A leading figure in the international translation technology world once remarked to me that when translation agency principals get together they gripe about SDL, but when tool vendors get together, Across is the subject of complaint. I can only imagine that to be because translation agencies are usually smart enough to stay away from Across altogether and know little of the horrors awaiting behind its virtual barbed wire. The philosophy and implementation of Across is like a virtual gulag for translators and data; adopt this ill-considered solution and let the software's developing perpetrator, Nero, fiddle while your business burns.
In the 1980s I worked at the research center of a major international enterprise and saw the terrible economic consequences of a proprietary laboratory information management system (LIMS) which led to the loss of years worth of data because the data could not be migrated after the software provider failed. So I was absolutely astounded several years ago to hear an Across representative at LocWorld in Berlin defend the companies "unique selling point" of incompatibility as a "security measure" that corporate clients appreciate. Not smart corporate clients with a future, certainly. Without even trying hard I can come up with half a dozen means of five-finger discounting the "language assets" stored on an Across server; what I can't do is suggest convenient ways for someone burdened with an Across server to work with the majority of linguists who refuse to have anything with what one agency owner described as "the only CAT tool that pretty much guarantees you under 2k words per day."
I looked at Across myself some time ago and was shocked by its appalling ergonomics, which complicate the work of translators to an extreme degree compared to popular and interoperable solutions like SDL Trados Studio, WordFast, OmegaT, memoQ and others. Across is a trap which offers its users no real advantage and a host of liabilities for data management and work planning. The "advantages" are entirely for the tool provider because of client lock-in and the inability of Across users to migrate easily to a better solution which allows cooperation with a wider spectrum of qualified service providers instead of merely those desperate enough to sacrifice themselves for the crusts to be had with this bottom-tier solution.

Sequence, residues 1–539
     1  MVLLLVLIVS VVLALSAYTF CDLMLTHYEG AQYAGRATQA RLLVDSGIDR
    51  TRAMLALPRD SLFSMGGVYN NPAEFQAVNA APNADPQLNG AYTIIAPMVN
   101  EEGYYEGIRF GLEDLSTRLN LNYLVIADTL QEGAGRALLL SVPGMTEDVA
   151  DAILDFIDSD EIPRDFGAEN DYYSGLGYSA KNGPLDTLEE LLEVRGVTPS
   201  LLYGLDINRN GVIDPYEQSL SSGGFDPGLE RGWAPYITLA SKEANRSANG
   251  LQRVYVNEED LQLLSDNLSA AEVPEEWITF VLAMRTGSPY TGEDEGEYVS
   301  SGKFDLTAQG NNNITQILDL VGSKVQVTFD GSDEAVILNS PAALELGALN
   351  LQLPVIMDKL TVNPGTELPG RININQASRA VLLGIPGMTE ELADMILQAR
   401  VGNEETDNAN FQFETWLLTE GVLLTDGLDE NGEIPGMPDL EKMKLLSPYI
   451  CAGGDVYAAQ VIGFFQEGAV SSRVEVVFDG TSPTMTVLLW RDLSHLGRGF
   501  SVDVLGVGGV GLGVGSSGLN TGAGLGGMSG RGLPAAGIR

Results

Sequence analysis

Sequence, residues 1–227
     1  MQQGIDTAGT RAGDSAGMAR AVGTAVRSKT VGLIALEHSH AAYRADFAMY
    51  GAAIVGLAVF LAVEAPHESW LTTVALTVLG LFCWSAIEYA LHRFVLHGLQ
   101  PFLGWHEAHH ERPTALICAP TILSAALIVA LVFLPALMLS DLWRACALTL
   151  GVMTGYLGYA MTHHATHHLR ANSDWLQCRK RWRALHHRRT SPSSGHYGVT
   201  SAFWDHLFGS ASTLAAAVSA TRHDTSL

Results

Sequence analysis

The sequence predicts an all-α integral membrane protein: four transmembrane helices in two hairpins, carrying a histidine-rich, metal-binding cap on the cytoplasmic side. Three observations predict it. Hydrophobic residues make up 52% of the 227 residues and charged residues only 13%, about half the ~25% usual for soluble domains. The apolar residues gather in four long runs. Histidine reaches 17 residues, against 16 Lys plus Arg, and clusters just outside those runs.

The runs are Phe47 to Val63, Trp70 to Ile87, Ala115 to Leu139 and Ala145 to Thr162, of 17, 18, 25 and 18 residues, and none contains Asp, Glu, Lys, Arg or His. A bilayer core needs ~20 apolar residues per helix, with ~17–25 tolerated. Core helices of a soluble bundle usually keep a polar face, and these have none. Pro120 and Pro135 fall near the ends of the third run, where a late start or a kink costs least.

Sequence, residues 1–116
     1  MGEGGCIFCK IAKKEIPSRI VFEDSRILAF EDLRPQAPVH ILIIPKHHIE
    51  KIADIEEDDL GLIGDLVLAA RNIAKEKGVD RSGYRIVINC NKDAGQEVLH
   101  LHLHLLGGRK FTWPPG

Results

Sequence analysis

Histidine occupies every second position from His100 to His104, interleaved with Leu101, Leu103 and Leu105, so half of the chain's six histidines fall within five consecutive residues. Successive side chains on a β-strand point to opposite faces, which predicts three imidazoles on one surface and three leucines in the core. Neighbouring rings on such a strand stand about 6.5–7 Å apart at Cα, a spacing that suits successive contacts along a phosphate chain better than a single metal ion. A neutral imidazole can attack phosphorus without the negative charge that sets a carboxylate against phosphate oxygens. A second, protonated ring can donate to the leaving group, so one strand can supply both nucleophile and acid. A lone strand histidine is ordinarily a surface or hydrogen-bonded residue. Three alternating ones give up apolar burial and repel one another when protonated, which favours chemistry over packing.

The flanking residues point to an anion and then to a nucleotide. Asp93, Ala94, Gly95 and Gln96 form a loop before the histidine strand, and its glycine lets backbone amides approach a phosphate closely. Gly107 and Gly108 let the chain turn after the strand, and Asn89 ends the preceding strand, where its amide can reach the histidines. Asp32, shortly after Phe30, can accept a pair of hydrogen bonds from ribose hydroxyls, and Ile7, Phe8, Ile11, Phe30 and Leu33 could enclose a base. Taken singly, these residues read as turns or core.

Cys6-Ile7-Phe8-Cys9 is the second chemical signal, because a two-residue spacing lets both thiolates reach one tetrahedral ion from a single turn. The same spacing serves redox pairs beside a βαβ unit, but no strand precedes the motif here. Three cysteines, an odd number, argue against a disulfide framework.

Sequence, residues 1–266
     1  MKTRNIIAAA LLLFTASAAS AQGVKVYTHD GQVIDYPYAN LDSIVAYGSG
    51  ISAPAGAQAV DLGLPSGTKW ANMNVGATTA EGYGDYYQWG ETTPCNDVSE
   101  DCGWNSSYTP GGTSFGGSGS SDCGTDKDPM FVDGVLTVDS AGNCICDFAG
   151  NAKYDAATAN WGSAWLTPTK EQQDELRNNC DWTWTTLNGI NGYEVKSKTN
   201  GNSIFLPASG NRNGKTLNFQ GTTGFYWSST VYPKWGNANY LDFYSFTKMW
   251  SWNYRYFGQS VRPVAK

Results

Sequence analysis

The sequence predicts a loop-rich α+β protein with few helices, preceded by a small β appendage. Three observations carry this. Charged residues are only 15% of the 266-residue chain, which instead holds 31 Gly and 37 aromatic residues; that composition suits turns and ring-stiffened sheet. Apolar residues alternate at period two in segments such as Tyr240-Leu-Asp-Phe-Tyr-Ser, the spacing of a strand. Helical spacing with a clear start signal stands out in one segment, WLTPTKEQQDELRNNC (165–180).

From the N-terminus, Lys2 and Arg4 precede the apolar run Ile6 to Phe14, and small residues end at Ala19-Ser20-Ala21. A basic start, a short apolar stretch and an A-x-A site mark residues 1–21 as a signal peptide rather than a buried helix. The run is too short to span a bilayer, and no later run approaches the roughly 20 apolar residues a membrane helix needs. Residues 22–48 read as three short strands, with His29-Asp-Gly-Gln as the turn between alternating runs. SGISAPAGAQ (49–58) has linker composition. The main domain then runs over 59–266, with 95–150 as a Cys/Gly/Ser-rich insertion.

Although I'm known for my personal preference for memoQ for the kinds of work I do, I am familiar with quite a range of tools, and I can endorse any tool with reasonable ergonomics produced by a stable team with good support and a commitment to interoperable data standards. With a clear conscience I might support the use of WordFast, OmegaT, SDL Trados, Ontram, STAR Transit, memSource, memoQ and others depending on the particular needs of a situation, because I know that the client will not be locked in and will have viable options of work with qualified service providers who may have optimized workflows involving other tools. Unfortunately, this is not the case with Across.
A recommendation of Across by me would be a deeply hostile and unethical act, in principle a statement that I wish the client to be locked in to an inefficient, costly platform that will give the advantage to competitors with more flexible means of work. And fortunately, I cannot think of anyone deserving of such a harsh sentence as Across.
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[Update from the 2015 Jaba Partner Summit:
There may be important changes ahead. There may be cracks in this virtual Berlin Wall and perhaps a hope for the future for some of those now so cruelly shackled by the deluded "security" philosophyof Across. Time will tell, and I will be very pleased if action is taken to implement the words I heard yesterday from an Across representative.]